Philips Avent Natural Baby Bottle
What we like: Avent Natural baby bottles are designed to closely mimic a mother’s breast for combined breast and bottle feeding. The nipple features an air flex valve that can reduce feeding issues by venting air out of the bottle and away from your baby’s tummy. These bottles work with multiple flows, so they can grow with your baby and feeding needs over time.
What to consider: With vented nipples, there is the chance of leakage while your baby is drinking from their bottle. Additionally, the size of this bottle could make it more difficult for babies to grip. If your child is ready to hold their own bottle, you can purchase handles that are easier for babies to grip.
What the reviews say: Parents who left reviews on Amazon for the Avent bottles like the ease of transition from breast to bottle. Many noted it was a smooth and easy transition, in contrast to other bottles and nipple shapes.
Dr. Brown's Original Bottle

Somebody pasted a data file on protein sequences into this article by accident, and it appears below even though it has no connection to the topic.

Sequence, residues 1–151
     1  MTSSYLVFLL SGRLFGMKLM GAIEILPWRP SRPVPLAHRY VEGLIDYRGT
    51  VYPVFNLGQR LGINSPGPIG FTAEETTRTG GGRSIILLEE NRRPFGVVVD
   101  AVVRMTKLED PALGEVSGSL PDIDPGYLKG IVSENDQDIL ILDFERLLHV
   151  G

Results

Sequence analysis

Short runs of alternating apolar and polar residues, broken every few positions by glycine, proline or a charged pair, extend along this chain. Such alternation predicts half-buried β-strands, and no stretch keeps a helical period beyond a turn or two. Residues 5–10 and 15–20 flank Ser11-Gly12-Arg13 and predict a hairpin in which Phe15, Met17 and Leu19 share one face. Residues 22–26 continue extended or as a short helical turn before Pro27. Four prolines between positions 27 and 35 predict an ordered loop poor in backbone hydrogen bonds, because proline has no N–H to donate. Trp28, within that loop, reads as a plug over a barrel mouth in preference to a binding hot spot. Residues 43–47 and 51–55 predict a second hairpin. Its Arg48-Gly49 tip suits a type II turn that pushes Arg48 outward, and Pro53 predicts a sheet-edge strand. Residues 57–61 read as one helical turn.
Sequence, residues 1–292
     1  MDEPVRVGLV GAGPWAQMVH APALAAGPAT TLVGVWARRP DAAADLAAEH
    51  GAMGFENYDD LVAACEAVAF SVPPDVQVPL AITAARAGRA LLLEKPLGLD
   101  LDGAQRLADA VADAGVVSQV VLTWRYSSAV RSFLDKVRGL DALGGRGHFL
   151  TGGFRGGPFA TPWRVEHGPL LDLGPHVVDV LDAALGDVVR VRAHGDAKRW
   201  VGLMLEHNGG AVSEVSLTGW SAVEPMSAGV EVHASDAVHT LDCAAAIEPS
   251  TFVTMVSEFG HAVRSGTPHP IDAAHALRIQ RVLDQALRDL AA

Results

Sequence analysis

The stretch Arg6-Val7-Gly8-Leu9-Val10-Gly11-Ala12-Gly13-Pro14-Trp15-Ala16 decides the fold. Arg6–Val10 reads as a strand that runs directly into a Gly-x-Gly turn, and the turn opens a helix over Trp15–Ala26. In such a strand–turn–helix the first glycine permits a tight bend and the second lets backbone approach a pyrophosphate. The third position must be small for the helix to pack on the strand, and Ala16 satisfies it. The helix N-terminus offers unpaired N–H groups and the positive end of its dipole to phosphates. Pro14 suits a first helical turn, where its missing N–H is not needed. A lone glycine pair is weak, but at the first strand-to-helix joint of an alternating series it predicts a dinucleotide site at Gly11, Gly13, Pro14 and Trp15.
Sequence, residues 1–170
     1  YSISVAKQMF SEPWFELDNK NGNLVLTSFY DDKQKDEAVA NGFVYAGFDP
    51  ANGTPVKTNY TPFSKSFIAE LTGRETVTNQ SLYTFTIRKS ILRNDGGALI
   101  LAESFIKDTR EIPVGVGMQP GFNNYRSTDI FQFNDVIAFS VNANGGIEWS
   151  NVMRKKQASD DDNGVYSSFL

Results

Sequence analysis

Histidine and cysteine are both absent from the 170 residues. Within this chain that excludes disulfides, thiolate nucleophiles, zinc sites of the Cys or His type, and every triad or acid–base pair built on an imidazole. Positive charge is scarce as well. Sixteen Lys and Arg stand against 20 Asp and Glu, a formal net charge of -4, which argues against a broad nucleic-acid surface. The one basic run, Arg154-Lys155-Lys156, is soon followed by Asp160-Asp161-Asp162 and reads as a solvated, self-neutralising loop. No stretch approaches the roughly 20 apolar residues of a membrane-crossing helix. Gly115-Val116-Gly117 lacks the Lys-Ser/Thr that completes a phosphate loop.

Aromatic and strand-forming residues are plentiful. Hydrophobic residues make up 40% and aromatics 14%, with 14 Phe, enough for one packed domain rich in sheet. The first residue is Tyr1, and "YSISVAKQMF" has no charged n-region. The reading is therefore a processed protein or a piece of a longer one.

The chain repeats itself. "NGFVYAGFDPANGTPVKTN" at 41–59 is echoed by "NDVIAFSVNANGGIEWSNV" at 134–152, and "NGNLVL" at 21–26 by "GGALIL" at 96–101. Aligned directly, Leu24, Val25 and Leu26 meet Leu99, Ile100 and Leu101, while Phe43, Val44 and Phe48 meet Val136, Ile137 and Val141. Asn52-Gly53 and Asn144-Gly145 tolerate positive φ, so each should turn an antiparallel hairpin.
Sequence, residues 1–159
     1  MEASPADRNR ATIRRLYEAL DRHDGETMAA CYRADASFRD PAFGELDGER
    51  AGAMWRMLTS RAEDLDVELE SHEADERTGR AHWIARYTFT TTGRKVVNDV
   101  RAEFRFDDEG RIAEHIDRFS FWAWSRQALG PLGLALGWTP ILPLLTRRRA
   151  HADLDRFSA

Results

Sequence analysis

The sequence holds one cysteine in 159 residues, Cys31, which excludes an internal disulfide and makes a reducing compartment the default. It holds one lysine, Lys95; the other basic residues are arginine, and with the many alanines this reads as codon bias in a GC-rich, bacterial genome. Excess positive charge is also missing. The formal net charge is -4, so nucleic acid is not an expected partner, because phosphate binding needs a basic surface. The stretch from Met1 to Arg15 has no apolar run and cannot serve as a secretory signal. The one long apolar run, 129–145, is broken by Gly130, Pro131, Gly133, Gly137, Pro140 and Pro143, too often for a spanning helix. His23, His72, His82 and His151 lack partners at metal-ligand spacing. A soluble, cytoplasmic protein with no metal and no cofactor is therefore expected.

What we like: Dr. Brown's bottles use a vent system that eliminates negative pressure and air bubbles to help reduce colic, spit-up, burping and gas. This rivals the vented nipple with a fully vented bottle. These bottles are also dishwasher safe, making mom and dad’s life a little easier.
What to consider: The venting system in this bottle must be removed and hand-washed after each use, which can be a drawback for busy parents.
What the reviews say: Parents swear by these bottles. Many Amazon reviews rave and mention the miracle that is the Dr. Brown vented bottle, especially when it comes to reducing gas, colic and fussiness. These bottles are also said to be particular — they must be filled to a certain degree and held at just the right angle to prevent leakage and properly vent.
Evenflo Feeding Classic
What we like: These standard neck bottles are a traditional go-to for many parents. The nipples are vented and have a patented micro-vent system that helps prevent nipple collapse and promote a more comfortable feeding experience for your baby.